When I first traveled to the Pacific Northwest, it was spring. Scotch Broom lit the hills afire with it’s weedy, yellow blossoms. I loved it. My local guides, however, maligned this brilliant, rugged shrub. In 1850, Captain Walter Colquhoun Grant planted the first Scotch Broom this continent had ever seen. It was Vancouver Island, considerably north of my humble home, and only three of his seeds managed to survive that first season. A mere 260 years later, Scotch Broom has managed to take root from the coast Eastward to Montana, including much of my beloved Oregon, and southward through Southern California. It’s also managed to gain a foothold across the Central Atlantic Seaboard and in other countries, like India, Australia, and New Zealand.
Traditionally, Scotch Broom was a symbol of Courage. It was worn into battle by leaders like Geoffrey of Anjou and as a crest by royal families like the British Plantagenets. As a symbol of the capacity to thrive, it was worn or carried by people of all classes. It’s ability to strongly root and survive are born out by Scotch Broom’s capacity to spread and hold the territory it’s claimed, my Oregon home being a part of that.
For me personally, Scotch Broom is a tenacious friend who reminds me I can bring sunshine and healing into this place, even though my ancestors weren’t exactly born here. Scotch Broom has helped check erosion, particularly where native species have been eradicated through forces either manmade or of Mother Nature’s device. It’s deep root systems are particularly hard to dig out, making it perfect for holding the soil in place but also good at holding its ground.
Living in North America as a descendent of European stock sometimes feels like, well, a Scotch Broom must feel as the local naturalists stroll by thinking and mumbling curses at her place here. When I listen to the plants and wild animals of this place, I hear without doubt that they’re glad I’m here, even if they’re not always happy with the choices or action of my brethren (including many of the folk who come from more native stock). Scotch Broom reminds me I can help to make a difference among my own people, of all colors and descents, by digging in and holding the ground we herbalists have already gained. That directive overwhelms me sometimes…often.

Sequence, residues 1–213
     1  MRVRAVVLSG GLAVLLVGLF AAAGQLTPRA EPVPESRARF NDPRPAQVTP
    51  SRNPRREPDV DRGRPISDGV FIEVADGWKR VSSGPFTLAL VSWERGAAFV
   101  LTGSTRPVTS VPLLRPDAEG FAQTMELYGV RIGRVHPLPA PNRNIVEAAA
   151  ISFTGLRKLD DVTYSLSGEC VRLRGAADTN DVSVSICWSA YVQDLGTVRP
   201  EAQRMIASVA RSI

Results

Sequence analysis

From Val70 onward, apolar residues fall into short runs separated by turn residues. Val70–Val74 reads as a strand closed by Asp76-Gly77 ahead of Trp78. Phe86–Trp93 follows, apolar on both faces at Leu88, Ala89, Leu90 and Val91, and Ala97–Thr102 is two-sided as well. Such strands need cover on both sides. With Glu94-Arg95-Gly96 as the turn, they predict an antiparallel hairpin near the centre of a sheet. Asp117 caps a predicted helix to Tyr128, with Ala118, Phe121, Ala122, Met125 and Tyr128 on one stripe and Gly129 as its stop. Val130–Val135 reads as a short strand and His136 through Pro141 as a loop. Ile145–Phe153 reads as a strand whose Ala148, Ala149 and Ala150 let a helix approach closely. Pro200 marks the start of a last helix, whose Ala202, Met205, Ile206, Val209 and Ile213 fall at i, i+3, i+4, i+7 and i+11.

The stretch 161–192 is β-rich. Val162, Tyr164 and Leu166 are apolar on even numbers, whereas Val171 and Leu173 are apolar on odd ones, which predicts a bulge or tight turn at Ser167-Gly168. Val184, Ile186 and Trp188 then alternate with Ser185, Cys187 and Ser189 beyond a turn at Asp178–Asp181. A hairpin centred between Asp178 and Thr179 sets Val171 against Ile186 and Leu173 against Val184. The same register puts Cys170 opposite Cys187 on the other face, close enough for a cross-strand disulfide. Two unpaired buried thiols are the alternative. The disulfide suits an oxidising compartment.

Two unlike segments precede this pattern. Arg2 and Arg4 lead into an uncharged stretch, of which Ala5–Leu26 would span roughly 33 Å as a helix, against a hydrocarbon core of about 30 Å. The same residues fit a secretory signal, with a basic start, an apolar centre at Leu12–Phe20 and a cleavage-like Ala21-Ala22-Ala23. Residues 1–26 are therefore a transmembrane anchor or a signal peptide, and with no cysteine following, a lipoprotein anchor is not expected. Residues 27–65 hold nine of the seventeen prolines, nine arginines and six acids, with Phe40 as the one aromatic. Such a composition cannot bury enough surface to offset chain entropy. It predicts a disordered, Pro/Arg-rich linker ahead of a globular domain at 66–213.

So, I worked with my honey, Patrick, to create a small print to remind me to be tenacious, courageous, and above all to do all I can to make the world a better place for all my kin, human or otherwise. It hangs in my bathroom, where I’ll see it everyday and because coastal Scotch Broom was the first to call me to action.
Other Scotch Broom projects you might try:
- Make a Scotch Broom besom: Harvest and dry branches after the blooms have fallen, then use willow to bind them to an ash or other wooden handle.
- Lucky Mojo tin: Three scotch broom peas, one fava bean, a piece of pyrite and a piece of quartz in a small, pocket-sized tin. Include a slip of paper or other symbol of the specific project to which you want the luck turned.
- Sip a little Scotch Broom Flower Essence to chase away feelings of depression over the state of the world.
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